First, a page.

Many students and researchers will do a literature survey as part of their research project. Literature surveys are essential steps towards forming a good research question and clarifying your research contribution. In this page you will find some articles that I recommend you to read in order to turn your literature survey into a piece of research contribution, and get an A+ grade in the process! This page is work in progress. More references to be added.
Writing a literature review: Introduction
If you have no idea what a literature review is probably you can start reading this excellent introduction from univ. north Carolina at Chapel Hill. There is also an excellent introduction to different types of literature reviews (narrative and systematic) written by Patrick Dunleavy at this page. As a more advanced introduction to the field take a look at Webster and Watson’s paper from MISQ 2002. Pay special attention to their recommendation to organize your literature review not as a summary of the papers you read but as a map of the research concepts that are discussed in those papers. An interesting paper that discusses a method for classifying and presenting findings and topics from literature using qualitative methods and grounded theory is Wolfswinkel, J. F., Furtmueller, E., & Wilderom, C. P. M. (2011).
If you are interested in knowing what is the value of literature studies and how they are evaluated for quality take a look at Boote and Beile (2005).
Narrative literature reviews
Narrative literature reviews are those that provide a more or less organized story about what has been done earlier. They allow some degree of creativity with respect to the organization of the story. Narrative reviews can have a chronological, topic-based, dramatic or other type of flow. Narrative literature reviews are the most common form of reviews. Most students write a more or less extended narrative review as the “related work” part of their thesis. Narrative reviews are more subjective and depend a lot on the understanding and the objectivity of the writer. Narrative reviews have been criticize for being biased. Authors sometimes cherry-pick literature that supports their view and leave out literature reporting opposing views. The article by Patrick Dunleavy at this page gives some more clues about this type of review. Webster and Watson’s paper from MISQ 2002 is also applicable to narrative reviews. Also take a look at this article on realist reviews, which is a method for qualitative reviews in the borderline between narrative and systematic reviews.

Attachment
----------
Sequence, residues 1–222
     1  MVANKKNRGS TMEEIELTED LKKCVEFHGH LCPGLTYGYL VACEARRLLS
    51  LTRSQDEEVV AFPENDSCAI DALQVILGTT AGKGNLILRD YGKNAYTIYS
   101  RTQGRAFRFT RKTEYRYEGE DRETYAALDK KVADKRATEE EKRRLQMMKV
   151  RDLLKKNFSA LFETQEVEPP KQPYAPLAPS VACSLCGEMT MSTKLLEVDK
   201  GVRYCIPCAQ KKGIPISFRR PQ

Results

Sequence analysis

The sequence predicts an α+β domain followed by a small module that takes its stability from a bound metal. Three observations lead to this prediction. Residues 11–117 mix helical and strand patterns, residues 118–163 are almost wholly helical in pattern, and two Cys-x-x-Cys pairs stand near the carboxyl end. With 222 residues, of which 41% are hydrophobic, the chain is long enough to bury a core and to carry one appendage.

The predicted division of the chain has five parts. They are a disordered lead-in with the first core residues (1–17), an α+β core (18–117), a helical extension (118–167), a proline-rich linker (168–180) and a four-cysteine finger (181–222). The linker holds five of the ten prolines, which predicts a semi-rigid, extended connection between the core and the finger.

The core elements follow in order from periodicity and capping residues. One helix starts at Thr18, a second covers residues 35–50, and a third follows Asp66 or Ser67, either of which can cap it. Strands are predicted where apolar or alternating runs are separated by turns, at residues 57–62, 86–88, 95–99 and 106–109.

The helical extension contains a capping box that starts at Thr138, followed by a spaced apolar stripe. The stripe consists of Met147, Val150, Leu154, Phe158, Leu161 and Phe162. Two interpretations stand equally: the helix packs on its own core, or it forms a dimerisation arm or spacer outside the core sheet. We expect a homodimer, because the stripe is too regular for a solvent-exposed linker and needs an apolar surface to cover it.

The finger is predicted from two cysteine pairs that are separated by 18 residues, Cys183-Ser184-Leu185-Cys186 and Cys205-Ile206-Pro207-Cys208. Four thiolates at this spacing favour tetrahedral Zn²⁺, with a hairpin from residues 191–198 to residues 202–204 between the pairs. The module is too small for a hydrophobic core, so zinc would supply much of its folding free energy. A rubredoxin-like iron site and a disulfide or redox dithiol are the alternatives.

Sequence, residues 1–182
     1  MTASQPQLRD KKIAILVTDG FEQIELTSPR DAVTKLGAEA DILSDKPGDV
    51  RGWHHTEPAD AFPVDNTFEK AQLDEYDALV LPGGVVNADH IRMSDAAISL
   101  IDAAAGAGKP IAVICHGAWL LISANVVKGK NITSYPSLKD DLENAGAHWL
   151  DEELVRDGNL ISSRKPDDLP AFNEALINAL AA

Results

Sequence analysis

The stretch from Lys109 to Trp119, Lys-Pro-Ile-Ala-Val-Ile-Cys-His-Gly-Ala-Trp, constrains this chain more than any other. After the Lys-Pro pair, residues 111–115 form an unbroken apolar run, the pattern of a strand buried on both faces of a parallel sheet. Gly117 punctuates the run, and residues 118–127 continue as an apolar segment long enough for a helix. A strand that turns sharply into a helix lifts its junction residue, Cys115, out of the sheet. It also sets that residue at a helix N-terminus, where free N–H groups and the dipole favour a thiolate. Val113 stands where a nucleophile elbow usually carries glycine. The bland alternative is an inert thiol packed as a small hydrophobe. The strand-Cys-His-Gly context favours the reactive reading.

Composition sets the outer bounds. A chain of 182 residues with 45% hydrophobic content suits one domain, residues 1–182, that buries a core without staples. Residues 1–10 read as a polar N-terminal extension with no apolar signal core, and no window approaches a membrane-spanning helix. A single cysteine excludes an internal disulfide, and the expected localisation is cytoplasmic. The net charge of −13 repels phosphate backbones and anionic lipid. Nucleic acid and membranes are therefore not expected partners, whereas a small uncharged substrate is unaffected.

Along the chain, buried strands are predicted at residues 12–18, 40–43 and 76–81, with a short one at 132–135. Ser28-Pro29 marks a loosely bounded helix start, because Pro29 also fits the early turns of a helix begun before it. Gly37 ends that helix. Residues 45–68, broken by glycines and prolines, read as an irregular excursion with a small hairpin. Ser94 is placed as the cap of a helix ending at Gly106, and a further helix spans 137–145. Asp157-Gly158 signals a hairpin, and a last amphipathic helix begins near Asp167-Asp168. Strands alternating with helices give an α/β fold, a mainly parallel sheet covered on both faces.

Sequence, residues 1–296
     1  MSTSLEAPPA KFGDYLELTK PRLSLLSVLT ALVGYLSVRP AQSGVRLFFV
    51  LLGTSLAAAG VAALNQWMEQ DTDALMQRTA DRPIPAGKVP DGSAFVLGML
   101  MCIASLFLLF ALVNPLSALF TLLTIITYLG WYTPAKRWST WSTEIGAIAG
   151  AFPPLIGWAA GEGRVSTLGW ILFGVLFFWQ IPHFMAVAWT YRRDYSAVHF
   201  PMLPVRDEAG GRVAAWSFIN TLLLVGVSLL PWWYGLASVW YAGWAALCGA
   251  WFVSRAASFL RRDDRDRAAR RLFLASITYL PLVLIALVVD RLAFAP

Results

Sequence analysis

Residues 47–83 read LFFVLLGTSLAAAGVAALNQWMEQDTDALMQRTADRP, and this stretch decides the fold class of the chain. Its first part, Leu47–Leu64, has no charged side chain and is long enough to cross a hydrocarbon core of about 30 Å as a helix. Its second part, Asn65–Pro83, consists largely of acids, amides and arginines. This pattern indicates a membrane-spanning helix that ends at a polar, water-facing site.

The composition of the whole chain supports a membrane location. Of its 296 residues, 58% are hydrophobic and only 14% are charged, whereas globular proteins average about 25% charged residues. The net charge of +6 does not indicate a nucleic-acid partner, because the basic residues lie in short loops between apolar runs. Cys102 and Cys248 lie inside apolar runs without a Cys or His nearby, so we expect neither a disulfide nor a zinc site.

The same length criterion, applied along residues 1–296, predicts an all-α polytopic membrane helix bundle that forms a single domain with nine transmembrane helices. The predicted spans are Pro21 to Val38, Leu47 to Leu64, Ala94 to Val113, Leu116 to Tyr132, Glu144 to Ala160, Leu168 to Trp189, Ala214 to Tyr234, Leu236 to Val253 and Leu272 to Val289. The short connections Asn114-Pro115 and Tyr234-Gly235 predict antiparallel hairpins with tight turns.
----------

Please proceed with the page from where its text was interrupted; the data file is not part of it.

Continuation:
Systematic literature reviews
If you take your literature review seriously you can go for a systematic literature review. This is a form of a survey study where you formalize the search and inclusion processes and use rigorous coding and classification. The de facto guide for doing this type of reviews in ICT is Kitchenham, B., & Charters, S. (2007). For an example of a well-known systematic literature review from the software engineering field see Dybå, T., & Dingsøyr, T. (2008).
Systematic mapping studies
Mapping studies are a different type of systematic surveys that look into a larger field of research and map the research done in such a field. The difference with systematic literature reviews is that mapping studies are broad while reviews go into depth. Mapping studies can be quite large. There are a couple of guides available. Clapton, J., Rutter, D., & Sharif, N. (2009) is one non-ICT guide with a lot of detailed instructions. Petersen, K., Feldt, R., Mujtaba, S., & Mattsson, M. (2008) is a shorter guide with a focus on software engineering and information systems. A recent example of an ICT-related mapping study is Farshchian, B. A., & Dahl, Y. (2015), which also has a discussion of the differences between mapping studies and systematic reviews.
Using search engines
When you do literature reviews you normally have to search online for literature. Google is not a good choice because it is not specialized in finding research literature. Google scholar is a better choice. See also the article by Patrick Dunleavy that has a lot of good tips on how to start searching using Google Scholar. Especially the citation number field shown in Google Scholar for each resulting paper is a very useful clue about how important the paper is: the higher the citation number divided by the age of the paper, the more important the paper is. If you use systematic reviews and mapping studies you might want to look into a couple of papers that discuss the usefulness of search engines: Dieste, O., Grimán, A., & Juristo, N. (2009) and Bailey, J., Zhang, C., Budgen, D., Turner, M., & Charters, S. (2007).
When you do search, you need to create a search string. A good search string is essential, and is closely related to the research question that you have defined for your project. A paper that discusses the issues related to creating a proper search string is Cooke, A., Smith, D., & Booth, A. (2012).
Link to other relevant resources
- If you are writing a systematic review, you might consider using this template that has all the relevant sections often required in such reviews.
- When coding papers, use the framework by March and Smith (1995) to categorize type of contribution and type of research activity.
- Do some pilot search and coding before you finalize the search. You will then learn a lot about the problem and create better search strings.
- I spend approx. a whole day for coding 100 abstracts. You should know your estimate so you don’t get surprised. Keep time when you do coding so you can estimate how log it will take.